St Louis County Retirement Terminates Emerging Markets Manager
St. Louis County Retirement Plan, Clayton, Mo., terminated LSV Asset Management from a $28 million active emerging markets equity portfolio.
The $870 million pension fund’s board approved the termination at its March 25 meeting, said Susan Daniels, retirement plan administrator, in an email.
Assets were relocated to the pension fund’s other active emerging markets equity, Acadian Asset Management, giving the manager a total of $70 million in assets in the pension fund.
Investment consultant Asset Consulting Group recommended the termination because LSV’s strategy had a value tilt and ACG “prefers a style neutral implementation across asset classes,” according to the minutes. The minutes noted Acadian’s portfolio is style neutral.
ACG also said at an overall target allocation of 6.75% to emerging markets equity, implementing emerging markets equity through one manager “can be prudent.”
Asset Consulting Group assisted.
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The ordinances clearly require continued payment of his Police Pension benefits, and federal and state constitutional jurisprudence will not permit the grossly unequal treatment of Chief Fitch for which there is no rational basis, Mathis wrote.
Fitch on Thursday declined to comment and referred questions to Mathis.
In an email to the Post-Dispatch, Mathis said the county counselors office informed me that at this time, the County does not intend to pay him the police pension that has been withheld, and the County Counselor plans to hire an outside law firm to defend the lawsuit.
Mathis said, We will be filing suit on Chief Fitchs behalf to require the Retirement Board to pay him the pension benefits he is owed.
County Counselor Beth Orwick declined to comment.
Fitch retired from the police force in 2014 after 31 years of service, the last six of which he was chief. He was elected in 2018 to succeed Colleen Wasinger, who did not seek another term. Both Fitch and Wasinger are Republicans.
Shortly after he was elected, Fitch sought support for legislation that would revise county ordinances to allow retirees to come back as elected officials and keep their pensions.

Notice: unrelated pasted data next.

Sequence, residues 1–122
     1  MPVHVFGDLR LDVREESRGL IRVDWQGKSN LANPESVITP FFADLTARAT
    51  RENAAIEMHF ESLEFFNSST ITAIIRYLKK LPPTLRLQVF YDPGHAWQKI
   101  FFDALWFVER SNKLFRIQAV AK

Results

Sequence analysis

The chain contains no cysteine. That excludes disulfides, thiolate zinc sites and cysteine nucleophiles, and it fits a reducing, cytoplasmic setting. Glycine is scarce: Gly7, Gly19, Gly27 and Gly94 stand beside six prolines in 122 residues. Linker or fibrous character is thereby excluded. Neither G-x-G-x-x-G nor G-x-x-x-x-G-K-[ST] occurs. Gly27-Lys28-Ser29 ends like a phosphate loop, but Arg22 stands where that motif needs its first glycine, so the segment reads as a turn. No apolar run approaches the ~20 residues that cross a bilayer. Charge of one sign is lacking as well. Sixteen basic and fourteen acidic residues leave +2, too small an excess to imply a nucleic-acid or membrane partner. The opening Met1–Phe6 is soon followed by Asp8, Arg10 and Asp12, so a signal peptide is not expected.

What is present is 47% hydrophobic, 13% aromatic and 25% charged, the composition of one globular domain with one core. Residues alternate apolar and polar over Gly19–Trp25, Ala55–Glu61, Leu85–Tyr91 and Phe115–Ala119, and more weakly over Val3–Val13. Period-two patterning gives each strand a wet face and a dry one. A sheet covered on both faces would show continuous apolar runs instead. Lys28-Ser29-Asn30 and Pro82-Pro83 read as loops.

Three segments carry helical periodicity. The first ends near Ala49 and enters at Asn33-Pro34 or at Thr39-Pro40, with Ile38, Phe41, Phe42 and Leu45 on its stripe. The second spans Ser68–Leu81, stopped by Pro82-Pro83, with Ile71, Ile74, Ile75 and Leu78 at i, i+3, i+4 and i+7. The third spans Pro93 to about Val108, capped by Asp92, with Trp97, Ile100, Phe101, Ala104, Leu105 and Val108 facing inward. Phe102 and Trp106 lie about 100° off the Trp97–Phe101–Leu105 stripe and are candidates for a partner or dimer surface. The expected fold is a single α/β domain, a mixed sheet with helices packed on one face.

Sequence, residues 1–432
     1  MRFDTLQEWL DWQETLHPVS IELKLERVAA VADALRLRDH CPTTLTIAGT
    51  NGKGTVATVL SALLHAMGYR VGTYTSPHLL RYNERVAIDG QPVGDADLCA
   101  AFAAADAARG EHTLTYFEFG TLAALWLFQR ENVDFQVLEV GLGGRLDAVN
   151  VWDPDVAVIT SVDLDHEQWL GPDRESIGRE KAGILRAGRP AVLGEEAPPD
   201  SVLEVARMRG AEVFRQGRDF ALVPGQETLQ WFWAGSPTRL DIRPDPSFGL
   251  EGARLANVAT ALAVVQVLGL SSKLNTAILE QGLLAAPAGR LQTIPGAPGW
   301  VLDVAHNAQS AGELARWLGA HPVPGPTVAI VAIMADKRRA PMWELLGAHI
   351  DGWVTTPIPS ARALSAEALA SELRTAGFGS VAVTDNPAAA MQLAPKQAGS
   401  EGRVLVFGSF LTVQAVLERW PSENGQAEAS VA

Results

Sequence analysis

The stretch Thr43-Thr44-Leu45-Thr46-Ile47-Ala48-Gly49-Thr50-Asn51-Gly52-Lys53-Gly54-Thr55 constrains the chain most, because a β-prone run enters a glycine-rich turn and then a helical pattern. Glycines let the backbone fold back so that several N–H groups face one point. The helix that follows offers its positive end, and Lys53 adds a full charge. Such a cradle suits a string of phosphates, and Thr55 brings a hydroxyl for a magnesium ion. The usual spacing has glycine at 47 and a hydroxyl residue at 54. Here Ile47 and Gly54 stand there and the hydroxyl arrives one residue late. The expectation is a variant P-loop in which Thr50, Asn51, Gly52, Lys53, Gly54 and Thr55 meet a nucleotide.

Fitch couldnt introduce the bill himself because it would be a conflict of interest, he told the Post-Dispatch in 2019. But other council members, including then-chairman Sam Page, Ernie Trakas and Hazel Erby, were reluctant.
Page, a Democrat, succeeded Stenger as county executive in early 2019.
Voya Financial Selected As Single Service Provider For St Louis County Missouri Deferred Compensation Plan
WINDSOR, Conn.—-Voya Financial, Inc. , announced today that its Retirement business has been selected to provide 457 recordkeeping and administrative services for the St. Louis County, Missouri, Deferred Compensation Plan.
The St. Louis County Department of Administration provides benefits to its full-time employees, who include law enforcement personnel, firefighters and first responders. The county recently decided to consolidate its 457 supplemental retirement program to a single service provider and selected Voya after a competitive bid and evaluation process. The St. Louis County Deferred Compensation plan, which transitioned to Voya in the spring, serves more than 2,400 participants and represents approximately $153 million in assets, as of Sept. 30, 2020. This plan is a voluntary benefit for eligible employees and is intended to supplement the St. Louis Defined Benefit Pension Plan.
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